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    I did this about 10 years ago on a house with a very similar situation. It has stood the test of time and has not had any further movement or leaks. You have to also epoxy the cracks, often the same contractor does it all.

  • Duck_Giblets says:

    Op, before you pay anything check with your insurance company. This is what they are for. Will cost you significantly less than $7500 even with increase in premiums and they’ll likely cover other aspects that you may not have realised.

  • EntireOrchid says:

    1-1/2″ is a lot of bowing. You should get it fixed properly, not simply ignore the problem by filling the cracks.

  • seg274 says:

    Like others have said. Better to reinforce now than live under fear of further movement.

    $7500 seems alittle steep, depending on what they were including in the quote.

    Since you already have a stud wall, you could reinforce with vertical steel channels every 6ft. The important part is proper attachment to the floor joists at top, and basement slab at bottom. I assume the price would be less than $7500 for supply and install of only the steel channels.

    See here for context: https://m.imgur.com/a/DXYxnwE

  • rollingintheshallow says:

    If I were you I would give it some time exposed to studs and with proper water management to see what happens.

    Monitor and document with pictures if anything changes.

  • jewishforthejokes says:

    Are you sure the bowing isn’t from the forms flexing out when it was poured? Your cracks do not seem large enough to allow that much bowing. Does the studwork seem like it was built with the wall where it is or has it been shifted? (might not be able to tell).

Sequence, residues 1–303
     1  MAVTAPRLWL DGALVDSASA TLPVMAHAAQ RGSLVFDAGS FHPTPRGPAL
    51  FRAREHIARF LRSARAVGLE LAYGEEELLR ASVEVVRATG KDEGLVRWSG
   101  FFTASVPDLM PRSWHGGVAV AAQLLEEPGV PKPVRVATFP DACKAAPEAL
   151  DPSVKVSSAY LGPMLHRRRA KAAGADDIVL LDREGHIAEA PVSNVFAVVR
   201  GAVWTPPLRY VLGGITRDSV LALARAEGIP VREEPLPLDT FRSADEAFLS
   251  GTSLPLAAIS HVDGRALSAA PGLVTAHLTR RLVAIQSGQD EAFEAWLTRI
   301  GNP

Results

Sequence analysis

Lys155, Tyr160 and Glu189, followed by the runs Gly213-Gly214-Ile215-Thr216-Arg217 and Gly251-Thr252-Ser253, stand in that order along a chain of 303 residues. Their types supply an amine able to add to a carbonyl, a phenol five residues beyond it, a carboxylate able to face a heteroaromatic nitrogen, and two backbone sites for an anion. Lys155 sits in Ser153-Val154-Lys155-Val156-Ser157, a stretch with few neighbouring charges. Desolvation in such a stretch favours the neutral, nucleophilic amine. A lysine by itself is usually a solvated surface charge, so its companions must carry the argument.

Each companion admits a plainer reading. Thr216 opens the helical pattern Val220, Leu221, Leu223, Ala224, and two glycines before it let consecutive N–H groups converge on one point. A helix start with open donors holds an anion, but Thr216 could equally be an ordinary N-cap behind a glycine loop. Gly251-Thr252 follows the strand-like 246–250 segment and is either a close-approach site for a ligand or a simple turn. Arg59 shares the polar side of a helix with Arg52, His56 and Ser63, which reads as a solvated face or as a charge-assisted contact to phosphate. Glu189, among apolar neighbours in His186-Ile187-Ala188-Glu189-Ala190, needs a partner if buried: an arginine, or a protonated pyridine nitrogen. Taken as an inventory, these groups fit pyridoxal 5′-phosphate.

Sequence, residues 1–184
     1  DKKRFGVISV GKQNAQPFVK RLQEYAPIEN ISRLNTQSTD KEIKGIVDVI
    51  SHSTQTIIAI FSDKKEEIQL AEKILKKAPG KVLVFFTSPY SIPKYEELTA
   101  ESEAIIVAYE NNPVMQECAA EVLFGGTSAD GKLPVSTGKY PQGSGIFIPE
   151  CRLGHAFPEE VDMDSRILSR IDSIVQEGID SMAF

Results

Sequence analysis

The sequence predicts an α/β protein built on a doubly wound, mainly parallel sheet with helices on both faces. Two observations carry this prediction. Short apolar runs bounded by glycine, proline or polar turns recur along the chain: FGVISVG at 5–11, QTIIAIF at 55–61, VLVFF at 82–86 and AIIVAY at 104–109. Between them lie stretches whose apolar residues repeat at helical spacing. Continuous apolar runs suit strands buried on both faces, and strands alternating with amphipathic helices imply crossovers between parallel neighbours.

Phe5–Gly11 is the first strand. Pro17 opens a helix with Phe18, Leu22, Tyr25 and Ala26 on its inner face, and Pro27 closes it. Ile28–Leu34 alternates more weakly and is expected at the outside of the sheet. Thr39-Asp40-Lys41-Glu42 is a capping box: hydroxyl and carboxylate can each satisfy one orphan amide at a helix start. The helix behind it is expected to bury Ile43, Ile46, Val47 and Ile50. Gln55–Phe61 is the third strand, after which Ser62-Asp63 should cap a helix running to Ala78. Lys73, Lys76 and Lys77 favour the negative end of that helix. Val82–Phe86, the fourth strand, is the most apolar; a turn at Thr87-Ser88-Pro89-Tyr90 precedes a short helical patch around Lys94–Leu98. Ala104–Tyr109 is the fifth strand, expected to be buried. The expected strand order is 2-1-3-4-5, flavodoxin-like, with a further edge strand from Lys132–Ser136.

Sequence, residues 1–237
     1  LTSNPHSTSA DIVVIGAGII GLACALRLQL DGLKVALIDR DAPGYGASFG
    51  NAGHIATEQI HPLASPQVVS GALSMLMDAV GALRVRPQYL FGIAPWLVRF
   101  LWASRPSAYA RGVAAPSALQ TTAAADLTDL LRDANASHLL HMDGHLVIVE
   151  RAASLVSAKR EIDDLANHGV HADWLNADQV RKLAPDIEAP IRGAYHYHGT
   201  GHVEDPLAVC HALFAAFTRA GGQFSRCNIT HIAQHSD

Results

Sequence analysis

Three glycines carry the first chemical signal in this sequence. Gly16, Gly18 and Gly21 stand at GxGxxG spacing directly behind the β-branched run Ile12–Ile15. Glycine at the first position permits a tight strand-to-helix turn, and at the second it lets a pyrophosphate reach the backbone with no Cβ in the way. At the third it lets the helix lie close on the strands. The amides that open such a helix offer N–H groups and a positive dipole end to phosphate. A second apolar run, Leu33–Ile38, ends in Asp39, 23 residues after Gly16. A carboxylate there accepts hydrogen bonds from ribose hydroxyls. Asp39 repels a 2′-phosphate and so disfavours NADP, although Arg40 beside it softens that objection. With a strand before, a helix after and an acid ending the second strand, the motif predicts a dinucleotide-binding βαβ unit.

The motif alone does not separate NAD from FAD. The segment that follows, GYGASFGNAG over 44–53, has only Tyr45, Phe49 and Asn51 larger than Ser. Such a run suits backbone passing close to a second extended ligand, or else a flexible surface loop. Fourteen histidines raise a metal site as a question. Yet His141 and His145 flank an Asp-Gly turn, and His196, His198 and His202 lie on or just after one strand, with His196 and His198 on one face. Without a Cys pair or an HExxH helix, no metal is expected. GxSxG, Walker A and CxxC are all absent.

Don’t do anything to the cracks or paint it. If your several-inch-thick concrete can’t keep the wall out, do you think .01″ of paint can?

    Provided the wall doesn’t need geolock anchors, put xps foam on the wall with vertical strips of foamboard liquid nails; in the event of any seepage, it will run down the back of the foam to the floor. Using fiberglass would be bad.

  • allonsyyy says:

    I keep hearing something on the radio about a program my state has to help homeowners whose houses have foundation problems that were caused by bad concrete? It doesn’t sound like yours is as bad, idk anything about foundations, but it might be worth looking into it to see if there’s anything similar going on in your area. People around here are looking at 6-figure repair bills and the insurance companies are of course being absolute dickheads about it. https://www.nytimes.com/2016/06/08/nyregion/with-connecticut-foundations-crumbling-your-home-is-now-worthless.html